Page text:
Dinner: 1/2 of a roasted kabocha squash stuffed with a pilaf of quinoa, amaranth, indian spices, garlic, shallots, green peas, thawed frozen broccoli rabe, and adzuki beans based on this recipe from Affairs of Living.

My tweaks to the original recipe: reduced recipe by 4 for a single serving, used 1/8 each of quinoa and amaranth instead of a brown rice-amaranth blend, used ground cumin and cardamom, substituted shallots for scallions, used olive oil instead of coconut oil, omitted the salt, added 1/2 cup adzuki beans to the simmering party, stirred in 1/3 cup thawed frozen green peas and 1 cup thawed frozen broccoli rabe after the grains had finished cooking.

Meal Checklist: Protein—adzuki beans. Whole Grain—quinoa, amaranth. Vegetables—kabocha squash, garlic, shallots, green peas. Leafy Greens—broccoli rabe.

Local Ingredients: Kabocha squash from Harmony Valley.

Comment Provoking Questions: What dessert’s flavors would you most like to replicate in oatmeal? How do you “spice up” your oatmeal? What’s your favorite sea vegetable? Have you ever sampled Kevita?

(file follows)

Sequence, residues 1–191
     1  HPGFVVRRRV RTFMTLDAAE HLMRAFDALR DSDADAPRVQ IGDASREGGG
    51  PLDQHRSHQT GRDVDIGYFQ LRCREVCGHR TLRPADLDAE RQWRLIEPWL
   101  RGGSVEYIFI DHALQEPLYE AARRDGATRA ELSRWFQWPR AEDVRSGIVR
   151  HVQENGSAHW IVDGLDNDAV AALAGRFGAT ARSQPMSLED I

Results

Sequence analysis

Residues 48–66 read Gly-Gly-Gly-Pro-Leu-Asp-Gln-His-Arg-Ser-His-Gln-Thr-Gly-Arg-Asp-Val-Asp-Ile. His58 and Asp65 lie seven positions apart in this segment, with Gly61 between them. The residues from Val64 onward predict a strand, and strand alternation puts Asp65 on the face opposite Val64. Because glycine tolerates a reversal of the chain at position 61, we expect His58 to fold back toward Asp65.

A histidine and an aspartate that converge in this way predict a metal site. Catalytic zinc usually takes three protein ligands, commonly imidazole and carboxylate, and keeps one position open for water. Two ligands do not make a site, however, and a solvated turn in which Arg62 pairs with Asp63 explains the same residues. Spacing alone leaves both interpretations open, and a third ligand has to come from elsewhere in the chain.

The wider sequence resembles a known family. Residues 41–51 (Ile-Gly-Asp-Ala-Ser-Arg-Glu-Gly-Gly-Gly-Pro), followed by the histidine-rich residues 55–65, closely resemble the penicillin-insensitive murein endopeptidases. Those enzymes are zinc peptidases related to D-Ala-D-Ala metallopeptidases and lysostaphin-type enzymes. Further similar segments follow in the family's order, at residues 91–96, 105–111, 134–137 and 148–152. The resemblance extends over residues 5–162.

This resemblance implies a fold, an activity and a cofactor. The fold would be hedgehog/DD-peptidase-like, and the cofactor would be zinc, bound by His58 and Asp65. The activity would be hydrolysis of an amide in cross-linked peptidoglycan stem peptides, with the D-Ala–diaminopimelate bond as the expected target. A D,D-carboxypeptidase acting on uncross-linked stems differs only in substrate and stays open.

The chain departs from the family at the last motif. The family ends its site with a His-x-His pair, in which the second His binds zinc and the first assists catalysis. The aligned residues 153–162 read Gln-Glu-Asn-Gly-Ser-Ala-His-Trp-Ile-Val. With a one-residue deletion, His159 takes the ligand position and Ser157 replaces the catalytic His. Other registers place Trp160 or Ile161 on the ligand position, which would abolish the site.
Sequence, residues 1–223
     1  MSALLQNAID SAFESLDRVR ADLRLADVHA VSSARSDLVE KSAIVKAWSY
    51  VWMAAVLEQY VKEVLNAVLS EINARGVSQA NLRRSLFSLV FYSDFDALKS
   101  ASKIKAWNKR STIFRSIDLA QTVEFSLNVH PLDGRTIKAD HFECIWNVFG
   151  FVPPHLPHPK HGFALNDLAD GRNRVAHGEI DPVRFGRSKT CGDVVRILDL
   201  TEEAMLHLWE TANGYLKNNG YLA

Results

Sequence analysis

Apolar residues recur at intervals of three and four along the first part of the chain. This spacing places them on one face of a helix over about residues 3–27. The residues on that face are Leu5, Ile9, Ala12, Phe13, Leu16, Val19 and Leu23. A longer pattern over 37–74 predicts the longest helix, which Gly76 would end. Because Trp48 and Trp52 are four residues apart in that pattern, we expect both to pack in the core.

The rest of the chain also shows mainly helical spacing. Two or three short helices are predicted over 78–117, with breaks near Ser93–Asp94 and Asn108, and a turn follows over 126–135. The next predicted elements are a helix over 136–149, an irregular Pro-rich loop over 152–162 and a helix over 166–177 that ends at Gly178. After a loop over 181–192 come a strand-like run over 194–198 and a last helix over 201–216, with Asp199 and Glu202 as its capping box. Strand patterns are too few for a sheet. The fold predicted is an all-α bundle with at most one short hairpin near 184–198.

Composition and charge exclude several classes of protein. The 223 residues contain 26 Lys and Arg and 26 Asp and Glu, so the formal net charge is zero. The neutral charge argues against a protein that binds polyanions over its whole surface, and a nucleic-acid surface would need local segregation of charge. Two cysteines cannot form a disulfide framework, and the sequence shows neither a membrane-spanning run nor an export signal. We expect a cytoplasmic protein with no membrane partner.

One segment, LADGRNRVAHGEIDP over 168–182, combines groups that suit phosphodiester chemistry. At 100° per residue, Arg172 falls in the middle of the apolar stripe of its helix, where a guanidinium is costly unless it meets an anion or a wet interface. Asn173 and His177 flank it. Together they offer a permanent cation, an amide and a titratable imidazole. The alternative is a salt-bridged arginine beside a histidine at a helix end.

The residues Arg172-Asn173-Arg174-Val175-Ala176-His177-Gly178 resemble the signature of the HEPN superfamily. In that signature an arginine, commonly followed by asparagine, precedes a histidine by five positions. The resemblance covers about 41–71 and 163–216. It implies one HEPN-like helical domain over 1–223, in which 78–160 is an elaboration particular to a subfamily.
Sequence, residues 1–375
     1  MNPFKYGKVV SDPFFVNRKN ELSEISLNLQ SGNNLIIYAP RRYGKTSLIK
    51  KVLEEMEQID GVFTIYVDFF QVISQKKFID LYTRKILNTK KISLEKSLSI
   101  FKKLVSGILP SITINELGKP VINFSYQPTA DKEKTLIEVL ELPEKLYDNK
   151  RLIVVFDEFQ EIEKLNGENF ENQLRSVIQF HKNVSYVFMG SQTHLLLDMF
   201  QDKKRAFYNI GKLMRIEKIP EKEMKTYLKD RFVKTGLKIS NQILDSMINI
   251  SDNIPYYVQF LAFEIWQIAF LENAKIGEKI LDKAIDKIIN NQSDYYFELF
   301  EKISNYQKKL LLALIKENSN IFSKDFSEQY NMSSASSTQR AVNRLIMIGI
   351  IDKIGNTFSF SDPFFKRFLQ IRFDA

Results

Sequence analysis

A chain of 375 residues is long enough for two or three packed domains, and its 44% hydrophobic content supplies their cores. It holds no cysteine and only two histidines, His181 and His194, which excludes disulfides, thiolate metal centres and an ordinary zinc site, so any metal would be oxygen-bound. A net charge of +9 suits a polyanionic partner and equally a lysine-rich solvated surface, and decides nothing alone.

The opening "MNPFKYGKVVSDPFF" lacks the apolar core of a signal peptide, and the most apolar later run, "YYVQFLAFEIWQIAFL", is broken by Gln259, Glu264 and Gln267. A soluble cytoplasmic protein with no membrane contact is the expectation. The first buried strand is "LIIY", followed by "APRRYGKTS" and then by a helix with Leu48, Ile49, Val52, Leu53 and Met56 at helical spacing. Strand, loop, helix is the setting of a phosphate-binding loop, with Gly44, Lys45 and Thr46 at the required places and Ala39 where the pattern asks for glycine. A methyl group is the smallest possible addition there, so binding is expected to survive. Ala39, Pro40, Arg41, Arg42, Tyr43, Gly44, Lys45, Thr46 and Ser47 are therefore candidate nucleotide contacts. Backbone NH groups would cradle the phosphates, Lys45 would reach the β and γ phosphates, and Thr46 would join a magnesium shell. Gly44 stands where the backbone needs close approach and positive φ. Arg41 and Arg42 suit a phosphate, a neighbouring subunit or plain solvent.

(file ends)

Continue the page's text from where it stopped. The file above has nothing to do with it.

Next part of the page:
Happy WIAW!

Until next time, Ali.

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13 thoughts on “What I Ate Wednesday #13

  1. Lexie says:

    You have such a healthy and pretty looking diet (sounds incredibly strange, but it’s true; your food looks so elegant! Mine always ends up mushing into strange brown piles…) I once tried to replicate lemon cheescake in oatmeal…disgusting. And chocolate cake worked well, gingerbread worked well, I never tried chai, but I would like too. There are so many options =) Happy WIAW x

    • Ali Seiter says: